C. Awada, T. Popescu, L. Douillard, F. Charra, and R. Bachelot, “Selective excitation of plasmon resonances of single Au triangles by polarization-dependent light excitation,” J. Phys. Chem. C 116(27), 14591–14598 (2012).
[Crossref]

C. Hrelescu, T. K. Sau, A. L. Rogach, F. Jäckel, G. Laurent, L. Douillard, and F. Charra, “Selective excitation of individual plasmonic hotspots at the tips of single gold nanostars,” Nano Lett. 11(2), 402–407 (2011).
[Crossref]

Cobley, C. M.

M. Rycenga, C. M. Cobley, J. Zeng, W. Li, C. H. Moran, Q. Zhang, D. Qin, and Y. Xia, “Controlling the synthesis and assembly of silver nanostructures for plasmonic applications,” Chem. Rev. 111(6), 3669–3712 (2011).
[Crossref]

De Groot, C. H.

M. Abb, Y. Wang, C. H. De Groot, and O. L. Muskens, “Hotspot-mediated ultrafast nonlinear control of multifrequency plasmonic nanoantennas,” Nat. Commun. 5(1), 4869 (2014).
[Crossref]

Dombi, P.

P. Dombi, A. Hrl, P. Racz, I. Marton, and U. Hohenester, “Ultrafast strong-field photoemission from plasmonic nanoparticles,” Nano Lett. 13(2), 674–678 (2013).
[Crossref]

Douillard, L.

C. Awada, T. Popescu, L. Douillard, F. Charra, and R. Bachelot, “Selective excitation of plasmon resonances of single Au triangles by polarization-dependent light excitation,” J. Phys. Chem. C 116(27), 14591–14598 (2012).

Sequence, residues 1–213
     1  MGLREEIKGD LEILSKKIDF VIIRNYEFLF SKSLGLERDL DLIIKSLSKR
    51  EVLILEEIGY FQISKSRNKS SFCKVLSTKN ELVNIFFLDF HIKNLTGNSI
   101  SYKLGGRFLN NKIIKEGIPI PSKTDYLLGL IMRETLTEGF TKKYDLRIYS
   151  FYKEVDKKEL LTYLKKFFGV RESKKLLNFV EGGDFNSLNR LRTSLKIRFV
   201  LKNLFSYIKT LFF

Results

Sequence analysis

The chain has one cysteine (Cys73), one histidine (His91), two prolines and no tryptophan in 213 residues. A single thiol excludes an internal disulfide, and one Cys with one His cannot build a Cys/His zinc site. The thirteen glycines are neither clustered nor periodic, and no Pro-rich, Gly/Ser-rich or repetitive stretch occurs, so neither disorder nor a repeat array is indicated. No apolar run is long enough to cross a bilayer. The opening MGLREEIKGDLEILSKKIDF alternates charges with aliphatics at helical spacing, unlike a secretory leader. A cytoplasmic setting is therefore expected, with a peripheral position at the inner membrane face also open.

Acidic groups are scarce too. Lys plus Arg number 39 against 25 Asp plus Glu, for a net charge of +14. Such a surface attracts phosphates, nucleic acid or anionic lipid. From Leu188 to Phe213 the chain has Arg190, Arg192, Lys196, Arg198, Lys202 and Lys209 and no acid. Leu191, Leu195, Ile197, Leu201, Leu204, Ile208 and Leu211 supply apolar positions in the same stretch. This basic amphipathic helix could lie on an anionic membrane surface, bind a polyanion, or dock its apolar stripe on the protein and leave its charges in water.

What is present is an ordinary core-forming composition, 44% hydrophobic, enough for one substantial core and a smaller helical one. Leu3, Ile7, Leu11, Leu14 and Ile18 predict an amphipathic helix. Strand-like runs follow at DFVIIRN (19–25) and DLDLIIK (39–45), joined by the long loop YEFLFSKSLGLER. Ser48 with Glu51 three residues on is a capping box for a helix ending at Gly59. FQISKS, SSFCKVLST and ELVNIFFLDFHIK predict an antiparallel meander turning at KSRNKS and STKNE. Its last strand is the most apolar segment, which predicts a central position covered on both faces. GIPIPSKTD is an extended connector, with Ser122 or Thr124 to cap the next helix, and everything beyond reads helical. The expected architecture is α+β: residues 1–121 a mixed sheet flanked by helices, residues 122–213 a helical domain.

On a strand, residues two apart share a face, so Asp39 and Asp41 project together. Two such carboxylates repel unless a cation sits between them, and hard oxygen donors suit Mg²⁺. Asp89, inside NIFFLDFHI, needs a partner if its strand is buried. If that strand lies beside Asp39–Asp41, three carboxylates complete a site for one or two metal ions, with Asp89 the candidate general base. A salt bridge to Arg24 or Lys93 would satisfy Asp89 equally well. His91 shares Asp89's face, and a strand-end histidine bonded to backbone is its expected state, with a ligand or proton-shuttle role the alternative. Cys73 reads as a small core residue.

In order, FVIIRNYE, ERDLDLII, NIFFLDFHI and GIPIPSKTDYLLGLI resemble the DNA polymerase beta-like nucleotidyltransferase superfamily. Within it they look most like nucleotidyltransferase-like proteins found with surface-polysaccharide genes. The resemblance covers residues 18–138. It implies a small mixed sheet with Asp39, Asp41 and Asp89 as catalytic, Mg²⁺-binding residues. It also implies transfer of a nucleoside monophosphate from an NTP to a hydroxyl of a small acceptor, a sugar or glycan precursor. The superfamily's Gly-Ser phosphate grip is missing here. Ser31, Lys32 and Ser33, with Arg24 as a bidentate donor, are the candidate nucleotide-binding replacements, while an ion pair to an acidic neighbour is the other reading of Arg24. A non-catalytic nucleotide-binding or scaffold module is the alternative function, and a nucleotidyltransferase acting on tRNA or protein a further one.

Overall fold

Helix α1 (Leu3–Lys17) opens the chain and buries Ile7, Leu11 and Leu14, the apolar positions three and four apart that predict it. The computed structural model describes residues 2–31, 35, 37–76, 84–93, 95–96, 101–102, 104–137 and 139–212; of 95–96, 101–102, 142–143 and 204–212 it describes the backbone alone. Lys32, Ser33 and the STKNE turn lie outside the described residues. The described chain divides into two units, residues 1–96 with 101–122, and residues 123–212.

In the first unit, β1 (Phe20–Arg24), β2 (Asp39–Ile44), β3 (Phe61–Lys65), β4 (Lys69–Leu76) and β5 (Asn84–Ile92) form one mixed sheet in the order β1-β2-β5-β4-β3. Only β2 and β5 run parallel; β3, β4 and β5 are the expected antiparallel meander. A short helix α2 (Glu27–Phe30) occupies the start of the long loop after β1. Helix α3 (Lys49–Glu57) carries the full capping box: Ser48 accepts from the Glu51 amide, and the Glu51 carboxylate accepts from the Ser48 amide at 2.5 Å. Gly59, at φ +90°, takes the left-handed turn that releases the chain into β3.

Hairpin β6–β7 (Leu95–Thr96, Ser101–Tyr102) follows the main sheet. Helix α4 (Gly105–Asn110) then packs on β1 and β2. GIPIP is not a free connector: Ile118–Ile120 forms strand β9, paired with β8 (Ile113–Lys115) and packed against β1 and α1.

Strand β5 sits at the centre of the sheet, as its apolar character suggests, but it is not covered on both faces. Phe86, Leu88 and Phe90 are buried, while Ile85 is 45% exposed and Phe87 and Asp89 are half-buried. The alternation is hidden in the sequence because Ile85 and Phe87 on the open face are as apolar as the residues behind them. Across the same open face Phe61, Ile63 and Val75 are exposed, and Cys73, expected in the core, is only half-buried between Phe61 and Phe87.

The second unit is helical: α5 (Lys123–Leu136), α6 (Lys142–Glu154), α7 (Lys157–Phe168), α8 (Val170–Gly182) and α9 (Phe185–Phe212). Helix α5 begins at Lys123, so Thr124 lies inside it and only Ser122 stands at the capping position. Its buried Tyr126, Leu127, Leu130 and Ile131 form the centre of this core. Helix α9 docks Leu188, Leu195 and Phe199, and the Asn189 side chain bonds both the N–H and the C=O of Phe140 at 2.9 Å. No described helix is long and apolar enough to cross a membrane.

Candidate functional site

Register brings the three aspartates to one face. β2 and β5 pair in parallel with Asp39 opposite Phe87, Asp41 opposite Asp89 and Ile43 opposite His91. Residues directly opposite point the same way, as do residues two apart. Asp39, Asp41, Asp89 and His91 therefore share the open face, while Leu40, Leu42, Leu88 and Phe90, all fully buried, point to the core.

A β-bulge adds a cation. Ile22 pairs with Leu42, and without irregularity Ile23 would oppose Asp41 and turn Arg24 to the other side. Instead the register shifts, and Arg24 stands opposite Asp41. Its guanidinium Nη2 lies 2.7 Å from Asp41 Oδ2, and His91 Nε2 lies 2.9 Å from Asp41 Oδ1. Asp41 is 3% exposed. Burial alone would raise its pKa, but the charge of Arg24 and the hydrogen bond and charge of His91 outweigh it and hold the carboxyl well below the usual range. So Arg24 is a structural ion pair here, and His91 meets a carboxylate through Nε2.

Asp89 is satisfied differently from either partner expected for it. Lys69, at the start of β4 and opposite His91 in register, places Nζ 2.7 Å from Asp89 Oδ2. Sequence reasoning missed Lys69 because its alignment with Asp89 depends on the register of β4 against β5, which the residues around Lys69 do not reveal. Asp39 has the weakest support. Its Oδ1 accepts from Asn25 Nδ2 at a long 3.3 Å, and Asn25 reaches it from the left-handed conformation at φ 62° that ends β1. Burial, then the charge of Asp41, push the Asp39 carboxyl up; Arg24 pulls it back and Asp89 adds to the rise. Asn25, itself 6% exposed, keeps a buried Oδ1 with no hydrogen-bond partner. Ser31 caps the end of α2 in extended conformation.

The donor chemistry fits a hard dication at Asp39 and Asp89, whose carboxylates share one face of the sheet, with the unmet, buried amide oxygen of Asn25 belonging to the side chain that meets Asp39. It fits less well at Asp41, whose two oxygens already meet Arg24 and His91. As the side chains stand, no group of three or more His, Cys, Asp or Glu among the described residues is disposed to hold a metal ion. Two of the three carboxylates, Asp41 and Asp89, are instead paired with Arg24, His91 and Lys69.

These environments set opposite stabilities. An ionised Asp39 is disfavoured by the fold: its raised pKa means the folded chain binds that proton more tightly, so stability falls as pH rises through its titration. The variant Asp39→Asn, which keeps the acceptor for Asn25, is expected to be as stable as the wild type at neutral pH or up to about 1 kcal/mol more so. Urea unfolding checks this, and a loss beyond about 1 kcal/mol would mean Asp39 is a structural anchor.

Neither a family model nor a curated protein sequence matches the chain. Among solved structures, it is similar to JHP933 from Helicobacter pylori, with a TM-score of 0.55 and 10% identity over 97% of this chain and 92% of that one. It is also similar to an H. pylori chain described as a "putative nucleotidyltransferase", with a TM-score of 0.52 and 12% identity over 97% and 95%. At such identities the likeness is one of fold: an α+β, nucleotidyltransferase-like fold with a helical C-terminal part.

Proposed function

[Crossref]

C. Hrelescu, T. K. Sau, A. L. Rogach, F. Jäckel, G. Laurent, L. Douillard, and F. Charra, “Selective excitation of individual plasmonic hotspots at the tips of single gold nanostars,” Nano Lett. 11(2), 402–407 (2011).
[Crossref]

Ebnet, T.

S. Schlauderer, C. Lange, S. Baierl, T. Ebnet, C.P. Schmid, D.C. Valovcin, A.K. Zvezdin, A.V. Kimel, and R.V. Mikhaylovskiy, “Temporal and spectral fingerprints of ultrafast all-coherent spin switching,” Nature 569(7756), 383–387 (2019).
[Crossref]

El-Khoury, P. Z.

A. G. Joly, Y. Gong, P. Z. El-Khoury, and W. P. Hess, “Surface plasmon-based pulse splitter and polarization multiplexer,” J. Phys. Chem. Lett. 9(21), 6164–6168 (2018).
[Crossref]

A. G. Joly, P. Z. EL-Khoury, and W. P. Hess, “Spatiotemporal imaging of surface plasmons using two-color photoemission electron microscopy,” J. Phys. Chem. C 122(36), 20981–20988 (2018).
[Crossref]

Faleev, S. V.

M. I. Stockman, S. V. Faleev, and D. J. Bergman, “Coherent control of femtosecond energy localization in nanosystems,” Phys. Rev. Lett. 88(6), 067402 (2002).
[Crossref]

Fang, X.